“A terrific book from the sustainability pioneer Lester Brown.” —Bill Hewitt, FPA's Climate Change Blog
Chapter 1. Pushing Beyond the Earth’s Limits: Losing Agricultural Momentum
Environmentalists have been saying for years that if the environmental trends of recent decades continued the world would one day be in trouble. What was not clear was what form the trouble would take and when it would occur. It now seems likely to take the form of tightening food supplies, and within the next few years. Indeed, China’s forays into the world market in early 2004 to buy 8 million tons of wheat could mark the beginning of the global shift from an era of grain surpluses to one of grain scarcity. 4
World grain production is a basic indicator of dietary adequacy at the individual level and of overall food security at the global level. After nearly tripling from 1950 to 1996, the grain harvest stayed flat for seven years in a row, through 2003, showing no increase at all. And in each of the last four of those years, production fell short of consumption. The shortfalls of nearly 100 million tons in 2002 and again in 2003 were the largest on record. 5
With consumption exceeding production for four years, world grain stocks dropped to the lowest level in 30 years. (See Figure 1–1.) The last time stocks were this low, in 1972–74, wheat and rice prices doubled. Importing countries competed vigorously for inadequate supplies. A politics of scarcity emerged—with some countries, such as the United States, restricting exports. 6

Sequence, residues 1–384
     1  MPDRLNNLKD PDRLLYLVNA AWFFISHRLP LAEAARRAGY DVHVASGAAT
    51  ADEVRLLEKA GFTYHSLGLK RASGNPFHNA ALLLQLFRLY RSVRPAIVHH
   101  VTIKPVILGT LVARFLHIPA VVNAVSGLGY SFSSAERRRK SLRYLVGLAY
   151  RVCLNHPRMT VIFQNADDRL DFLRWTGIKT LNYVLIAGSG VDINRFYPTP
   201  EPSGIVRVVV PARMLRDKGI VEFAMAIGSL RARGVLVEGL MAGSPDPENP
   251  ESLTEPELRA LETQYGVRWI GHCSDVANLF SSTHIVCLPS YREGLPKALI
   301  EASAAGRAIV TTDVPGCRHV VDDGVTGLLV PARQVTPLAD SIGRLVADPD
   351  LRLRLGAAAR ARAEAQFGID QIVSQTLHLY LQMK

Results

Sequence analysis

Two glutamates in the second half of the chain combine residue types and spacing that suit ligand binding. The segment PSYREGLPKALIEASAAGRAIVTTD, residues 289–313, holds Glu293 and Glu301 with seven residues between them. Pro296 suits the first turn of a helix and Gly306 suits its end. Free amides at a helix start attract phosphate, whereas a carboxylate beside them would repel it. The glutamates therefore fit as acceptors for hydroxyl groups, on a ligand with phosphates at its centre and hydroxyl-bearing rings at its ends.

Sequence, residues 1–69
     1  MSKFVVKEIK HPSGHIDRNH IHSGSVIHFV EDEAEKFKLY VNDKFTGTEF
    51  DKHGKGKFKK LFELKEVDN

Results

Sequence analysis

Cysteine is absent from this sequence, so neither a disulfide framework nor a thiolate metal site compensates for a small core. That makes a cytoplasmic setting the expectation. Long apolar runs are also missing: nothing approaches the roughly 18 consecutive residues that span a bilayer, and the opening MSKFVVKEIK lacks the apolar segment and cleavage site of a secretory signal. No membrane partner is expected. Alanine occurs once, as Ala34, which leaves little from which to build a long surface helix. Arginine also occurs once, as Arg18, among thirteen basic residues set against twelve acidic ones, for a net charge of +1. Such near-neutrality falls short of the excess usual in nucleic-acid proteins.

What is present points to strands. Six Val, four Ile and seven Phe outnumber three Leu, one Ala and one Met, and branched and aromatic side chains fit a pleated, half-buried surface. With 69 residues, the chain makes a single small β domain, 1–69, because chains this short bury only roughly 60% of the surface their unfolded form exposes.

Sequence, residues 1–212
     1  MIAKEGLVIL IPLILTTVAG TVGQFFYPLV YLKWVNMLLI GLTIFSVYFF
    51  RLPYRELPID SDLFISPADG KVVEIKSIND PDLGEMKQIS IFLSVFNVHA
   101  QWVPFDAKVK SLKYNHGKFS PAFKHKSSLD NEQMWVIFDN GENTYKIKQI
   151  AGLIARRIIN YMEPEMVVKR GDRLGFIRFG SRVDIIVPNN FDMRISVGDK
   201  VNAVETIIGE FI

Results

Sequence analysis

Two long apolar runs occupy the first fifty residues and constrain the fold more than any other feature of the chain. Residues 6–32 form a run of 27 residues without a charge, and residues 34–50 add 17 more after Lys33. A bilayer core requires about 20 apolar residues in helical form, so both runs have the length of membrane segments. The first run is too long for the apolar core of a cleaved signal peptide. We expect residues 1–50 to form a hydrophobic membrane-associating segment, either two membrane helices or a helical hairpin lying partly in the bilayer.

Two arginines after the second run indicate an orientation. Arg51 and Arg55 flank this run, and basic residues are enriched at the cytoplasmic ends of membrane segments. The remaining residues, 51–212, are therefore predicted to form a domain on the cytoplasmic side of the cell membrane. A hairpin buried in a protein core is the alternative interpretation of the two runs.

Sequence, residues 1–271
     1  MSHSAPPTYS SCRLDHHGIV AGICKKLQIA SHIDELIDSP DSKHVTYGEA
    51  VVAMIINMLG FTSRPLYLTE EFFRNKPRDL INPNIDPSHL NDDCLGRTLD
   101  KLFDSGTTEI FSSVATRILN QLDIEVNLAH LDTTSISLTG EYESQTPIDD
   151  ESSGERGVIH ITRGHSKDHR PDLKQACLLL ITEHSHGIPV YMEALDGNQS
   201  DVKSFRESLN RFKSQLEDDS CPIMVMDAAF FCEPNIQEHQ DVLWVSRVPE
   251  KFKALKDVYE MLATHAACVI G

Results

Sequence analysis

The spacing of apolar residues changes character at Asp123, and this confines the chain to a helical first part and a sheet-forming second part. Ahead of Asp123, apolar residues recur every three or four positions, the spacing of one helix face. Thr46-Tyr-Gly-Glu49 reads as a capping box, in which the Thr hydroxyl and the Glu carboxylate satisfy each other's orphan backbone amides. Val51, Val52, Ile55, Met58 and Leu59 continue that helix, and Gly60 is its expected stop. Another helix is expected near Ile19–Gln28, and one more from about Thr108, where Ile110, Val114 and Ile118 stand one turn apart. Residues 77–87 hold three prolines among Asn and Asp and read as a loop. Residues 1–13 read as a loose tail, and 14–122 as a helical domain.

In 2004 a combination of stronger grain prices at planting time and the best weather in a decade yielded a substantially larger harvest for the first time in eight years. Yet even with a harvest that was up 124 million tons from that in 2003, the world still consumed all the grain it produced, leaving none to rebuild stocks. If stocks cannot be rebuilt in a year of exceptional weather, when can they? 7
From 1950 to 1984 world grain production expanded faster than population, raising the grain produced per person from 250 kilograms to the historical peak of 339 kilograms, an increase of 34 percent. This positive development initially reflected recovery from the disruption of World War II, and then later solid technological advances. The rising tide of food production lifted all ships, largely eradicating hunger in some countries and substantially reducing it in many others. 8
Since 1984, however, grain harvest growth has fallen behind that of population, dropping the amount of grain produced per person to 308 kilograms in 2004, down 9 percent from its historic high point. Fortunately, part of the global decline was offset by the increasing efficiency with which feedgrains are converted into animal protein, thanks to the growing use of soybean meal as a protein supplement. Accordingly, the deterioration in nutrition has not been as great as the bare numbers would suggest. 9
The one region where the decline in grain produced per person is unusually steep and where it is taking a heavy human toll is Africa. In addition to the nutrient depletion of soils and the steady shrinkage in grainland per person from population growth in recent decades, Africa must now contend with the loss of adults to AIDS, which is depleting the rural work force and undermining agriculture. From 1960 through 1981, grain production per person in sub-Saharan Africa ranged between 140 and 160 kilograms per person. (See Figure 1–2.) Then from 1980 through 2001 it fluctuated largely between 120 and 140 kilograms. And in two of the last three years, it has been below 120 kilograms—dropping to a level that leaves millions of Africans on the edge of starvation. 10